As I’ve said before, one of my current projects is adapting fairy tales to my futuristic storyworld. The first story I’m working on is Cinderella, which is actually pretty far down the PLE process, despite the fact I had to abandon it for a bit and then had to restart it when I picked it back up.

The first time through, I hadn’t developed the PLE process until I was finishing the outline and starting the rough draft, making this current work the third start in all honesty. When I started the story the very first time, I jotted down some notes common to all the Cinderella stories I was familiar with and started on a draft, writing scenes here and there with the goal of eventually stitching them back together. It didn’t work for this particular project.

The second time I started, I had recently laid out the PLE. So, I thought I’d run the story through the process, starting with asking myself why I was writing the story. The answer, predictably, was, “Because I’m writing a bunch of fairy tale adaptations for my storyworld!” And as we all know, that is not an acceptable reason to work on something in the PLE. The project was tabled a short time later as other demands took priority on my time.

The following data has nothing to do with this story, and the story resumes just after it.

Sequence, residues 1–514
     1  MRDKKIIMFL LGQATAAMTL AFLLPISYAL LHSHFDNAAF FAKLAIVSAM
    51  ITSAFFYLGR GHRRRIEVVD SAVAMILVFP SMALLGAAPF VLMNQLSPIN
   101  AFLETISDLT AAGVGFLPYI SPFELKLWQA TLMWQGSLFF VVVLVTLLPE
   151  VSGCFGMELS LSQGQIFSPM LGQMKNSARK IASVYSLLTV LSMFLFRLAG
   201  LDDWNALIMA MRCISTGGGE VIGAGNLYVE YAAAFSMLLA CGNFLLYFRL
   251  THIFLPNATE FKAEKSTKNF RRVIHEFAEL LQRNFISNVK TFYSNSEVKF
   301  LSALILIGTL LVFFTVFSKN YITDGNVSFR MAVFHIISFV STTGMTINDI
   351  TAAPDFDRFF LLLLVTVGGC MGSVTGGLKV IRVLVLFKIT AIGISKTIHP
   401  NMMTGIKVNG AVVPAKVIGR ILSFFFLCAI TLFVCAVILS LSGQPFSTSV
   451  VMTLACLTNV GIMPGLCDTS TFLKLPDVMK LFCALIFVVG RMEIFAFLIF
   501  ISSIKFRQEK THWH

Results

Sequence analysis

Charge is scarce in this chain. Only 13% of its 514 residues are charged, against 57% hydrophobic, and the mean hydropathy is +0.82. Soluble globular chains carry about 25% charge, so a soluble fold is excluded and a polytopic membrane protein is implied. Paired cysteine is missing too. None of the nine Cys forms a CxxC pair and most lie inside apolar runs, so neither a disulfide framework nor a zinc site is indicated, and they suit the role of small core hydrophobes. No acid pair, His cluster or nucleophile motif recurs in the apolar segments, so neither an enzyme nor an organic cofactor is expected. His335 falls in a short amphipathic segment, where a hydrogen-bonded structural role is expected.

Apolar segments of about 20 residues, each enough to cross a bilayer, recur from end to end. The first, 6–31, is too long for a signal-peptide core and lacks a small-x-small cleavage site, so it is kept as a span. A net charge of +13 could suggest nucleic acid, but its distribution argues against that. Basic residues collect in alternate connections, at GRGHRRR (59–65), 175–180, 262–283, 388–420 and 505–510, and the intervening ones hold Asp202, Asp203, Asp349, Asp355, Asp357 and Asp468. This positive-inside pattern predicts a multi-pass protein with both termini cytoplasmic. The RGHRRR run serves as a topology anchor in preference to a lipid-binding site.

A couple of months ago, I finally had an opening in my project schedule to give the project another shot. I looked over the PLE notes and thought, I can’t work from this! Most fairy tales are cautionary stories of one sort or another. So, I put it back into the Discovery Phase (Hey, sometimes you just don’t have a handle on a project until you’ve overanalyzed it to death!), and this time came out with a topic reflected both in the themes of the original fairy tale and through four of the five key characters in my adaptation. Finally, some progress! I now have a story I can really explore and tell.

Because I did the next two PLE phases pretty thoroughly the first time, this story will be moving to the fourth phase. But once it comes out of its PLE, I will move on to the next story’s Discovery Phase, but I will still be in the overarching project PLE’s Reviewing phase. Projects are funny like that.

Adaptation vs. Transmedia

As I’m learning more about transmedia and starting to view adaptations through the filter of what I’m reading, I’ve started wondering if taking a transmedia approach over an adaptation approach might stem the desperate search for retellings and sequels where they shouldn’t exist.